How Secure Is Your Payroll Data?


Keeping payroll information protected no longer is as easy as securing files in a locked cabinet.  Despite all of the online safeguards taken to protect sensitive employee information, employers remain vulnerable to data breaches.

Inside Threats

A critical component to securing payroll information is training employees, who sometimes may be the biggest source of security weakness at a company.

Employers should try to understand the motivation of employees who might undermine payroll functions. Writing a data-security policy that includes employee rules for personal computers and flash drives is a good start, but these precautions can only do so much if someone is intent on sabotage.

The Association of Certified Fraud Examiners of Austin, Texas, the world's largest anti-fraud organization, said in a 2012 report that employers should try to look for behavioral red flags, including gambling and other addictions. The report found that living a lifestyle beyond one’s means was  identified as an indicator in 35.6 percent of those caught. Additionally, 27.1 percent had financial difficulties. The most likely people to commit workplace fraud are nonmanagement employees, followed by managers, executives and business owners, the report said. Limiting access to critical information may reduce the rate of security breaches among employees.

Outside Threats

There are two types of external threats: information-system hackers and disasters. With hackers, employers should be aware that even organizations with strict protocols may not be considering all external security risk possibilities. Just having the minimum security measures no longer is an effective strategy. There always are stronger encryption measures for virtual cloud computing and additional safeguards against threats, such as implementing software to deter malware. Employers using outside vendors should ask questions about vendor security protocols instead of trusting blindly. Important questions to ask include:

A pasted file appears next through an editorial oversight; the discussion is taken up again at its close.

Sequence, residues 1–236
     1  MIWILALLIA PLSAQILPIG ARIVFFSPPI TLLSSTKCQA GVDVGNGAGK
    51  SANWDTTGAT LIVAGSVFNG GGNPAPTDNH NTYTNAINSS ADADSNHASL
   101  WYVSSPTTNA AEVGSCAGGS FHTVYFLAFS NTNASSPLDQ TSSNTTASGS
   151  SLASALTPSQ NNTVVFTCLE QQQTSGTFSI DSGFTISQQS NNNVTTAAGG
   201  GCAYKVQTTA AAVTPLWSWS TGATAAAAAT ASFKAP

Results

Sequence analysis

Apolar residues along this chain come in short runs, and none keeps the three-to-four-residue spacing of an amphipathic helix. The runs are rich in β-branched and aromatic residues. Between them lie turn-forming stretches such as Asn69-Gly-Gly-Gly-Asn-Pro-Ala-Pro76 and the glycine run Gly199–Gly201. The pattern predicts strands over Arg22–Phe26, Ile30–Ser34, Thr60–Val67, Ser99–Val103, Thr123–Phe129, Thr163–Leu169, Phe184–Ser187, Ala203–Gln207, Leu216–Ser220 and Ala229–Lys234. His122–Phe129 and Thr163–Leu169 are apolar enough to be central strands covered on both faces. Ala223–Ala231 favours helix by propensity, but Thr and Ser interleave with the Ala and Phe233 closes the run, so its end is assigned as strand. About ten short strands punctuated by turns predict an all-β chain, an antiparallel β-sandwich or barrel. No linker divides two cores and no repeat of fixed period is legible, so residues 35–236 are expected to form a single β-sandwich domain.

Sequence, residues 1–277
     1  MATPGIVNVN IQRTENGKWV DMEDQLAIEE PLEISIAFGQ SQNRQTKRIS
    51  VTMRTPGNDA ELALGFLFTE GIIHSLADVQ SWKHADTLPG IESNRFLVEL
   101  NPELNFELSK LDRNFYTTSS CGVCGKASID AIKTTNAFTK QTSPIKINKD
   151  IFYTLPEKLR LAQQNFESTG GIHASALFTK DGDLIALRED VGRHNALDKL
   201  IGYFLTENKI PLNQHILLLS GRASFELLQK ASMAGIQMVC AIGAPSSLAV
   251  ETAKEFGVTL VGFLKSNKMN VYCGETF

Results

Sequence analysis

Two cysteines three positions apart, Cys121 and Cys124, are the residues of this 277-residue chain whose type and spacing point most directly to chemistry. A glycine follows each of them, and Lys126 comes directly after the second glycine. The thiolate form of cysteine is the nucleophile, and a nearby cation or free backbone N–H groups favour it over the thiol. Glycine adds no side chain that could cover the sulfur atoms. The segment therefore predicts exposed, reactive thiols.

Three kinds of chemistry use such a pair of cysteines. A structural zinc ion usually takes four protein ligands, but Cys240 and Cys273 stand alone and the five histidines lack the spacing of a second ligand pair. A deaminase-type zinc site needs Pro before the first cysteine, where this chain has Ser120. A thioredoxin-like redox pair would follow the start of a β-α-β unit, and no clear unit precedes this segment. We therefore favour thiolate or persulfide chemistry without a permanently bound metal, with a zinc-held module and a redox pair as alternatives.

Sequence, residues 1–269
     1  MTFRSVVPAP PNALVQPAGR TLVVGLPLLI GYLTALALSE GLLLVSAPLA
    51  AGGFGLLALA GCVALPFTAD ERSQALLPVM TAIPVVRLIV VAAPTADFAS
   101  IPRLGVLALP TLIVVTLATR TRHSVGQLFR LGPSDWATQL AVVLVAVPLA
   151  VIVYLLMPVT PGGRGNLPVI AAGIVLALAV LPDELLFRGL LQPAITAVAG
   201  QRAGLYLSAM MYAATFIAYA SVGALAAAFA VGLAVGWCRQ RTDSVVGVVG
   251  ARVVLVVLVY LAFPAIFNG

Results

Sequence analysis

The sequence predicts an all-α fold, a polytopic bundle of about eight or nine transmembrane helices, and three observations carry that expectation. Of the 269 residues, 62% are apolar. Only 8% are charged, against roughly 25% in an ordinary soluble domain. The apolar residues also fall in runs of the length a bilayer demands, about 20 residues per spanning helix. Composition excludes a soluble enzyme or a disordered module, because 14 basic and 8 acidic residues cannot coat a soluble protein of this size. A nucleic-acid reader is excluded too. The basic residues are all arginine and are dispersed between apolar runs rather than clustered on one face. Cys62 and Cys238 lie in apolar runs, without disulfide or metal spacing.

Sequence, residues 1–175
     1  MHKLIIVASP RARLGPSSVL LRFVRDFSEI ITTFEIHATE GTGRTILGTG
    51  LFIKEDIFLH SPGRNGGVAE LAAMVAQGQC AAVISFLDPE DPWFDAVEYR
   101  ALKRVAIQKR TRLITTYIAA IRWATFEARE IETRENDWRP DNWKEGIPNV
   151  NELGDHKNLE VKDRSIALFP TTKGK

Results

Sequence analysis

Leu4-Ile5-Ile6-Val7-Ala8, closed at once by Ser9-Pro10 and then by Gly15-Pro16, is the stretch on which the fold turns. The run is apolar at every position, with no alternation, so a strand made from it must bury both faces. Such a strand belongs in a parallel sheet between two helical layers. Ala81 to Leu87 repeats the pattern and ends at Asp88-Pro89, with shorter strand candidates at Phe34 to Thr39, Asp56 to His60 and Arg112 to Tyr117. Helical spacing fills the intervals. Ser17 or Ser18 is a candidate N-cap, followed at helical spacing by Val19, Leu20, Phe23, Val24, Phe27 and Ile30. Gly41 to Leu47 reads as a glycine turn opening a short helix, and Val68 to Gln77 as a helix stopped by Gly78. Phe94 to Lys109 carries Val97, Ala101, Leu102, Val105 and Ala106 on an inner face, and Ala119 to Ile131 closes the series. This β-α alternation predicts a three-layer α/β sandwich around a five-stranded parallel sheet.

How will data be protected?

  • Who will have access to the data?
  • What policies are in place to detect and/or prevent tampering?
  • Does the vendor have a disaster recovery plan?

Disasters, which may include weather-related emergencies, bomb threats, fires, labor strikes, political upheaval, protests or terrorism, require preparation and the development of guidelines and protocols.
An example of political turmoil affecting payroll includes the long-term tensions over a maritime boundary dispute with China that resulted in 2014 in anti-China protesters destroying more than 350 factories in a Vietnamese province.

To be prepared for emergency and unforeseen events, payroll departments should identify the processes critical to paying employees and meeting tax and filing obligations. A plan should be developed to secure critical information, whether at off-site storage facilities or through a virtual data cloud.

Security Safeguards

Here are some tips to remember when protecting employee information:

Do not use obvious names for files and passwords, such as “banking” or “payroll.”

  • Employers and vendors should agree on data-retention time periods.
  • Limit access to critical payroll and employee information.
  • Develop or update a disaster-recovery plan.

Take a free trial to Bloomberg BNA’s  International Payroll Decision Support Network , your one-stop resource for reliable, up-to-date guidance and analysis in every area of payroll administration and compliance.